I wanted to let you all know that we will be bringing Ag Degree Days back to campus this year. We will be expanding the program to two full days with more hands on and demonstration. Below is a tentative agenda… Wednesday August 2nd 8:00 am to Noon – Horsemanship with Curt Pate (open to public with separate fee charged) 1:00pm to 5:30 – Stockmanship with Curt Pate (Ag Day program begins) 5:30 meal and entertainment at the college ranch (?) Thursday August 3rd 8:00 – 5:00 “Classes in Animal Science and Natural Resources” (official schedule TBA) • Could offer a block of time for Pesticide Training (have 4 – 5 hrs available) Will make CE eligible • BQA Certification • Policy Discussion Panel Friday August 4th 8:00 to noon Hands on sessions Animal Health Chute Side Tack and Saddle Fitting Brush spraying Plant Identification(?) or Livestock Facility Design(?) All of the Friday presentations would be provided by our sponsors. Before we commit to adding the pesticide training, we would like to hear from you on the need of this training? There is some planning that will be needed in order to coordinate this option. We are happy to pursue it if you think it will help. Any feedback would be appreciated. Thanks! Marcy Marcy Ward, PhD Extension Livestock Specialist New Mexico State University Las Cruces, NM 88003 (O) 575-646-5947 (Cell) 575-644-3379

Friday, June 2, 2017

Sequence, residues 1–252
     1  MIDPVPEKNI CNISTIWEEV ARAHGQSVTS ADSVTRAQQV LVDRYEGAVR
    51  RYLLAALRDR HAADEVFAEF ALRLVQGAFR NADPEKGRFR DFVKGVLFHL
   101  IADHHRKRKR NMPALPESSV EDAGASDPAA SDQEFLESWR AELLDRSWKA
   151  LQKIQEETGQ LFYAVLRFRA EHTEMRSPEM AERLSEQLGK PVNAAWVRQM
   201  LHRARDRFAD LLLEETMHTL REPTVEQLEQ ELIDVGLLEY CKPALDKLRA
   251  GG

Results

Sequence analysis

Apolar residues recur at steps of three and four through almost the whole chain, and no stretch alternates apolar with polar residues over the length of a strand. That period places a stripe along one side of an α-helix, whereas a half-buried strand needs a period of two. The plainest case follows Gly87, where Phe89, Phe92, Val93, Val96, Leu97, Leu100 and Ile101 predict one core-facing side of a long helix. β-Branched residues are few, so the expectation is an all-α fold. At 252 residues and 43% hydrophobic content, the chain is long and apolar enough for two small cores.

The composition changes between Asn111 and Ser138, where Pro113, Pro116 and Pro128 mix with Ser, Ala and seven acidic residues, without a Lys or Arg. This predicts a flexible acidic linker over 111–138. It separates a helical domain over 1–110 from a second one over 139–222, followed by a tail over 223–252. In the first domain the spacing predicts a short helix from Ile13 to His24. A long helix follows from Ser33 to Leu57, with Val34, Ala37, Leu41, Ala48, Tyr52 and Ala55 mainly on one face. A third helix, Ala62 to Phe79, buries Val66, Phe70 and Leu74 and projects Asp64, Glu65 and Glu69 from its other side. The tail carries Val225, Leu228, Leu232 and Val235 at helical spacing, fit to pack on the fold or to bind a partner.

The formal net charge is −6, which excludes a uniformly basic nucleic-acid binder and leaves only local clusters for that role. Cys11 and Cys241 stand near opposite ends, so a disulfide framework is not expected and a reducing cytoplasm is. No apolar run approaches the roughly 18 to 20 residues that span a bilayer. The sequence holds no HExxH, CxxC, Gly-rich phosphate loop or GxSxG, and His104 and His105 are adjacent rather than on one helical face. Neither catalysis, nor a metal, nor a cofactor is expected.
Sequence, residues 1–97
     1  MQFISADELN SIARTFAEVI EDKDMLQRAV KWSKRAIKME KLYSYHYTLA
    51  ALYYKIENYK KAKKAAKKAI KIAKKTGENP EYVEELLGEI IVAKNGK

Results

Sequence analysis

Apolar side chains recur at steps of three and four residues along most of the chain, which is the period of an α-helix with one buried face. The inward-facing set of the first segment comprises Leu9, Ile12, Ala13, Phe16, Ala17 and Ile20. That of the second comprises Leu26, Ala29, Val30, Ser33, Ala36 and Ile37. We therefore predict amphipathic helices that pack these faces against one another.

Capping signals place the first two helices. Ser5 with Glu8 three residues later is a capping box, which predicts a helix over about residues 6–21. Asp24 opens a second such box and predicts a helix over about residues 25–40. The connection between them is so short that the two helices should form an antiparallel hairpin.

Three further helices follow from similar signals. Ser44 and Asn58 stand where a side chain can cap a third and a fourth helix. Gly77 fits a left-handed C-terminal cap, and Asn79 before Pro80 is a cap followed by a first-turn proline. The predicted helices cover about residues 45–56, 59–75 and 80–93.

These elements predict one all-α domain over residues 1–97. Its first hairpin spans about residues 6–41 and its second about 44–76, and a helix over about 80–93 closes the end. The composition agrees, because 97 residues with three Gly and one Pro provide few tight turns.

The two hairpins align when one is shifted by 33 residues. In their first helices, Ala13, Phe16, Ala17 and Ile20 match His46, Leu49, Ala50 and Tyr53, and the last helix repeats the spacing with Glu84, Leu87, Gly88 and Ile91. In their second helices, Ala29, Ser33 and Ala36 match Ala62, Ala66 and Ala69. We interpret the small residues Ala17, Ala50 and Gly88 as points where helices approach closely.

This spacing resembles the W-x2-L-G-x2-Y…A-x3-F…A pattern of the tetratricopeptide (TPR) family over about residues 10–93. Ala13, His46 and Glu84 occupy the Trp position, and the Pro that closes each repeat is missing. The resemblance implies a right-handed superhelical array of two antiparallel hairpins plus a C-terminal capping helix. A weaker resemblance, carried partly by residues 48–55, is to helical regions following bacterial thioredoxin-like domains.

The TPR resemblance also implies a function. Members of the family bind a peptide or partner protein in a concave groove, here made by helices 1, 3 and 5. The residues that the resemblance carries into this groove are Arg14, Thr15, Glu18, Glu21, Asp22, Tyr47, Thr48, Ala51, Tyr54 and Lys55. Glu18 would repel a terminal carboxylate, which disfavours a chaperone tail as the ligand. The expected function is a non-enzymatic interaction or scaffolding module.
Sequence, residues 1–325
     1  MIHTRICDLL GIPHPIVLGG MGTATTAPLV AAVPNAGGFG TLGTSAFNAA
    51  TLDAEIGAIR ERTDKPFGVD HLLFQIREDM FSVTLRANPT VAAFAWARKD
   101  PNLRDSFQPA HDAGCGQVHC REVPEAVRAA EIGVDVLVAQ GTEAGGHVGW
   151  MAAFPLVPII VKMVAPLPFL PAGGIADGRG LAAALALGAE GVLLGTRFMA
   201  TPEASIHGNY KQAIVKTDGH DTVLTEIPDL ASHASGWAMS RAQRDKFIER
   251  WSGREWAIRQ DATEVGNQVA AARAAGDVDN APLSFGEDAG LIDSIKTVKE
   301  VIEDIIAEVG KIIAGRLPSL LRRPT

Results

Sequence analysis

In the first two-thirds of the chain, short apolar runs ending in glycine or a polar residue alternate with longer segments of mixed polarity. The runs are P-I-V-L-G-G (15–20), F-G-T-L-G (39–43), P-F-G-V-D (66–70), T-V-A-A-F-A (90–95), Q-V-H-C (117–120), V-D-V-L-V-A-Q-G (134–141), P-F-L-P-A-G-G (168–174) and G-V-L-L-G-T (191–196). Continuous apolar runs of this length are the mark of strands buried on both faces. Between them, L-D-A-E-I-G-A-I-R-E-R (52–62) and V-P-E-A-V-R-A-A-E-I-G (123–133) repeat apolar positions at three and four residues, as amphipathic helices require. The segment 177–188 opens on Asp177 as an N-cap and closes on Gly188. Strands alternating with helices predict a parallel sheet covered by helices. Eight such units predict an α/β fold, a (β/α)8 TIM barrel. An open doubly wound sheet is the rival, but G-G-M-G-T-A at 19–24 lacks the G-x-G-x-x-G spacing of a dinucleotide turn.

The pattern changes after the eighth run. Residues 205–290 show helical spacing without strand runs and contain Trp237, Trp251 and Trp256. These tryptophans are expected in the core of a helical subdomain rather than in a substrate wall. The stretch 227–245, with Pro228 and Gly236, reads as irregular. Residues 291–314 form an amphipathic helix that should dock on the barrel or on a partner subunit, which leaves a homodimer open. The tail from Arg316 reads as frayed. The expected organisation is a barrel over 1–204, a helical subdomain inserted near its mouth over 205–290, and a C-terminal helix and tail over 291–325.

SPINOSE EAR TICKS IN EDDY COUNTY The most common tick in Eddy county and New Mexico is Spinose Ear Tick, (Octobius megnini). Ticks frequently use wild animal hosts to maintain tremendous populations near treated cattle herds. Ticks produced on wildlife can re-infest treated cattle, and they continually pose a problem for Eddy County and New Mexico cattle producers. Some species of ticks are also capable of transmitting diseases such as anaplasmosis to cattle however, there is no know disease transmitted by Spinose Ear Tick. The life cycle of ticks starts out as larval ticks, which are six-legged and 0.5 mm long, hatch in three to eight weeks from eggs laid on the ground and climb anything vertical and patiently await passing potential hosts. Wooden coral posts, gates, barn siding. They can survive several months without a feed or moisture. When a suitable host becomes available, they make their way to the ear and attach just below the hairline. Grooves and folds in the ear canal are favored sites. I have dug them out from deep within the ear. After sucking blood for about a week and growing to about 4 mm they molt to the first nymph stage. The first stage nymphs remain in the ear without feeding and molt seven to ten days later to the second nymph stage. Second stage nymphs suck blood for one to seven months, growing to about 8 mm long, and it is this stage, which is most likely to be observed. They are big and plump looking. After exiting the ear and dropping to the ground, they hide in cracks, crevices, beneath rocks and under bark before maturing to adults in one to six weeks, depending on environmental conditions. Adults are free living and eat nothing. They mate on the ground and females can survive up to two years, laying 500–1500 eggs. The Spinose Ear Tick first appeared in New Mexico during the drought years of the early 1930s when Texas cattle were imported to this area to obtain water. Infestations were somewhat localized. During the 1960s, the range of infestation appeared to spread statewide. Now they in every county in New Mexico, and in every state in the Union as well as Canada, Mexico, India, and Australia. Parasitic larvae and nymphs of this species cause serious damage to livestock. The wounds can become infected with pus-forming organisms that give rise to a condition known as canker ear. The constant irritation causes animals to become dull, unthrifty and even to lose weight. Infested animals shake their heads and rub their ears in an attempt to relieve the irritation. This species of ticks are not known to be vectors of disease thankfully because they are hard to control once established in a heard. However, tick infested animals are subject to secondary microbial infections due to feeding wounds and the accumulation of tick feces and cast exuviate from molting. In addition, severely infested animals are prone to maggot infestations as a resulting from flies laying eggs in the deteriorating environment. They can but do not often infect human, dog, cats or sheep. I have found extensive populations in horses. They are reported in mules, goats, lama, elk, white-tailed deer, mule deer, mountain sheep and goats. Infestation is spread by introduction of an infested animal or animals into previously un-infested herds. Bulls and replacement heifers that are to be kept for some time are most likely to be involved. Since the nymphs may remain in the ear for four months, any animal kept on a farm or ranch for that period of time could provide the source for infestation of the whole herd. It take vigilance over a long period of time to break the life cycle and “clean up” a herd because of the long life cycle and wildlife host source. Controlling ticks is difficult and generally requires a combination of cultural, preventive, and pesticide control methods. Ear ticks on livestock can be controlled with systemic or contact insecticides. However, re-infestation makes this method expensive. Insecticide impregnated ear tags help prevent ear infesting ticks fairly well. For more information see Texas Extension publication For non-cattle infestations controlling tick-infested vegetation around the home and using contact residual insecticides in the spring on the fringe areas of the yard when ticks are most abundant reduces tick infestation of children, adults, and pets. Insect repellents for humans and shampoos or collars containing insecticide for pets can help control or reduce tick infestations. Subscribe to Eddy County Ag news at: Eddy County Extension Service, New Mexico State University is an equal opportunity/affirmative action employer and educator. All programs are available to everyone regardless of race, color, religion, sex, age, handicap, or national origin. New Mexico State University, U.S. Department of Agriculture, and the Eddy County Government Cooperating.